GSBS Student Publications


Transplantation survival is maintained by granzyme B+ regulatory cells and adaptive regulatory T cells

UMMS Affiliation

Graduate School of Biomedical Sciences; Department of Microbiology and Immunology



Document Type



Life Sciences | Medicine and Health Sciences


Granzyme B (GZB) has been implicated as an effector mechanism in regulatory T cells (T(reg)) suppression. In a model of T(reg)-dependent graft tolerance, it is shown that GZB- deficient mice are unable to establish long-term tolerance. Moreover, mice overexpressing the inhibitor of GZB, serine protease inhibitor 6, are also resistant to tolerization to alloantigen. Graft survival was shorter in bone marrow-mixed chimeras reconstituted with GZB-deficient T(reg) as compared with wild-type T(reg). Whereas there was no difference in graft survival in mixed chimeras reconstituted with wild-type, perforin-deficient, or Fas ligand-deficient T(reg). Finally, data also show that if alloreactive effectors cannot express FoxP3 and be induced to convert in the presence of competent T(reg), then graft tolerance is lost. Our data are the first in vivo data to implicate GZB expression by T(reg) in sustaining long-lived graft survival.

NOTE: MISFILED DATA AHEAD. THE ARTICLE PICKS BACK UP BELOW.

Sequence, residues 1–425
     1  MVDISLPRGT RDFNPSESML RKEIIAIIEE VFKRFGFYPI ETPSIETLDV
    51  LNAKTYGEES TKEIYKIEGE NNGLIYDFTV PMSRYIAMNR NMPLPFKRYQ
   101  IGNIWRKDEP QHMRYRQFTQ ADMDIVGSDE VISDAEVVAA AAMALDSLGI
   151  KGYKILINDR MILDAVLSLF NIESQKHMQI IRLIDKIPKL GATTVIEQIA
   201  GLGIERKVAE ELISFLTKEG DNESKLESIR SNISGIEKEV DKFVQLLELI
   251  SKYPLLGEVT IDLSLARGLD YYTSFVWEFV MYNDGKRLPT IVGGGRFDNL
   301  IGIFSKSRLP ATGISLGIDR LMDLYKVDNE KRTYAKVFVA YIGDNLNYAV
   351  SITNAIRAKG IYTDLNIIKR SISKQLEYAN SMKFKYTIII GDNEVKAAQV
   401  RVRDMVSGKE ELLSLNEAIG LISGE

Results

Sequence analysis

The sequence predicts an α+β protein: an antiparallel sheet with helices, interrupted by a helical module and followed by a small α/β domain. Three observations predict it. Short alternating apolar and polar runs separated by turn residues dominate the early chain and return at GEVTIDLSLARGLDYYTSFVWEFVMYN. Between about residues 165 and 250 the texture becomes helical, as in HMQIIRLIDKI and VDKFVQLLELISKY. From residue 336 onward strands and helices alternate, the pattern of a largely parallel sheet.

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Citation: J Immunol. 2008 Oct 1;181(7):4752-60.

Related Resources

Link to Article in PubMed

Journal Title

Journal of immunology (Baltimore, Md. : 1950)

PubMed ID